Morality as a guide and impetus for action is a central theme of The Monkey Wrench Gang. Throughout the novel Abbey uses the characters’ decisions and actions to demonstrate that there is no universal morality; instead, we all operate on different scales of morality that vary based on the individual. No single person will share the same set of morals with another, so in order to work together to achieve a common goal, certain concessions must be made. We can see the conflicting moralities of individuals play out between Doc Sarvis and George Hayduke when they discuss strategies and regulations for their raids. Hayduke has recently returned from the Vietnam War, and though we don’t know much about his personality prior to his service, he tends to err on the side of violence and destruction. He is very much of the “whatever it takes” mentality, believing that there should be no regulations on their raids and that the gang should simply do whatever is necessary. Conversely, Doc has developed a softer kind of morality from his years as a surgeon, seeing pain and suffering up close and on a daily basis. He is vehemently against putting the lives of those not involved with the gang needlessly at risk. The two clash about this early on but ultimately agree to follow through with Doc’s stance against personal violence.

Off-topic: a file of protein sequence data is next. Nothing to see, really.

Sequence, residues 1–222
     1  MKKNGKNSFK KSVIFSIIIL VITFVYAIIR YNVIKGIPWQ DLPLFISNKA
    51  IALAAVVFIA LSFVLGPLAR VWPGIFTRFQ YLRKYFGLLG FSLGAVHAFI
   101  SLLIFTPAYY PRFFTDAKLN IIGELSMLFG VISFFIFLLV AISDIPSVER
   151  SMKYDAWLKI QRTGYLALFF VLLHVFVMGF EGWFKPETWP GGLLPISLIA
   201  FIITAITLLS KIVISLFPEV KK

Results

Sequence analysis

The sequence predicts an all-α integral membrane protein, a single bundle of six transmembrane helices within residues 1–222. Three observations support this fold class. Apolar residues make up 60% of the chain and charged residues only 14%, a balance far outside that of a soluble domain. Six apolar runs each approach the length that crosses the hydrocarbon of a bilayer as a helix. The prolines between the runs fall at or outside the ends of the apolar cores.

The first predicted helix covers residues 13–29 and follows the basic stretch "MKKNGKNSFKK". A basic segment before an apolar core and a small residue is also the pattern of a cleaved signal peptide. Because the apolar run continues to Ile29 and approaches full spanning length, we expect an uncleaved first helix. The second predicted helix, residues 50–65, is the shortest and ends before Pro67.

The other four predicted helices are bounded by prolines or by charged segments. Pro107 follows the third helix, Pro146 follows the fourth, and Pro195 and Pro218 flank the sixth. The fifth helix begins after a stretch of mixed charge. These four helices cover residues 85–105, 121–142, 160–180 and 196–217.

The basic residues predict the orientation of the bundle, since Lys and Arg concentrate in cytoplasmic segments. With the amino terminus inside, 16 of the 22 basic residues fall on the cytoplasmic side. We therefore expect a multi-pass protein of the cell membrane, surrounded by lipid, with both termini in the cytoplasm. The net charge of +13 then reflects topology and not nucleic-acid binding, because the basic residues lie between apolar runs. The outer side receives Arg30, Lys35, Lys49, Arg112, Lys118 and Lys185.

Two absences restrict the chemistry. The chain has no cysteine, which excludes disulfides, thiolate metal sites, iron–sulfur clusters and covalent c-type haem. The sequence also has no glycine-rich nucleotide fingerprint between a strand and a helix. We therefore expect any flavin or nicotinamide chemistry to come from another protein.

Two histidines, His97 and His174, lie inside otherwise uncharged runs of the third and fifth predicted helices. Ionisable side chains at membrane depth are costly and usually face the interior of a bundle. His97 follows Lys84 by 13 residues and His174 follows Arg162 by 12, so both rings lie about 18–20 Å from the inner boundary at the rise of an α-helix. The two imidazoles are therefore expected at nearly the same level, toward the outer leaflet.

The themes of The Monkey Wrench Gang
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